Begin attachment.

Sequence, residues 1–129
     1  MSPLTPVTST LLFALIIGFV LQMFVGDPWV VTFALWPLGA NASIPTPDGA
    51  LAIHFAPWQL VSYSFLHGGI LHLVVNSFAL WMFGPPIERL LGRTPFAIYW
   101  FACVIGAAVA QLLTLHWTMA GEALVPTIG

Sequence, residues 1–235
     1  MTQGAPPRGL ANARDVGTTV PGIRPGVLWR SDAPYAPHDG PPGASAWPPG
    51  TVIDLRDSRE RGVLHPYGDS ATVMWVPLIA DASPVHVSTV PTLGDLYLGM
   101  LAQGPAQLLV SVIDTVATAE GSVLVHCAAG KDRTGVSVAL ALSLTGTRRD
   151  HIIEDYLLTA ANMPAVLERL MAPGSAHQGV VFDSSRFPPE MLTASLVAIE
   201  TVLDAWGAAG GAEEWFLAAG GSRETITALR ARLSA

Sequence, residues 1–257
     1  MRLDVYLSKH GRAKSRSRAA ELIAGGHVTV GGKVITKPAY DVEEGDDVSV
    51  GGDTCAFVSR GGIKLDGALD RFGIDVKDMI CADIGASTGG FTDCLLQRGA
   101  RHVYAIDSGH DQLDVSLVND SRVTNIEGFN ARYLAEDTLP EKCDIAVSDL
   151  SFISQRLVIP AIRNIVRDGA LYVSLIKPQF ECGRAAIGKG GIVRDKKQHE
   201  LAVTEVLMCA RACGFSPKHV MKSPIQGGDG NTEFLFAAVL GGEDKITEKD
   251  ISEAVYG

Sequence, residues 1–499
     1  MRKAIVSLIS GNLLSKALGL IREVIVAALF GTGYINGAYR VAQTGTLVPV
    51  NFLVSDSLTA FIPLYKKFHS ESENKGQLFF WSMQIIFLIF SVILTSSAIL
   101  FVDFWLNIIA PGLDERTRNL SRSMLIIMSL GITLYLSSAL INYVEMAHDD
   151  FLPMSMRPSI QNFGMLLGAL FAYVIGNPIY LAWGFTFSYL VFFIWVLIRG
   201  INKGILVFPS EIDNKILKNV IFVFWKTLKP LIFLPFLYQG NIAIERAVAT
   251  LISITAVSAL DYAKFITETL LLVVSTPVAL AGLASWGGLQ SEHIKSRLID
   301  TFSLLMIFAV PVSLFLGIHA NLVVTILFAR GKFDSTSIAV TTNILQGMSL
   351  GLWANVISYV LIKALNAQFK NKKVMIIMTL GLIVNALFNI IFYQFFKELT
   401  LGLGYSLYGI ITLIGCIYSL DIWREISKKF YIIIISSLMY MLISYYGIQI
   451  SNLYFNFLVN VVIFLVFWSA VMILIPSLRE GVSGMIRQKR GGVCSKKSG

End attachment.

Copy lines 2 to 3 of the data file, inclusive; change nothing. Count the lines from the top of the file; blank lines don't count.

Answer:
     1  MSPLTPVTST LLFALIIGFV LQMFVGDPWV VTFALWPLGA NASIPTPDGA
    51  LAIHFAPWQL VSYSFLHGGI LHLVVNSFAL WMFGPPIERL LGRTPFAIYW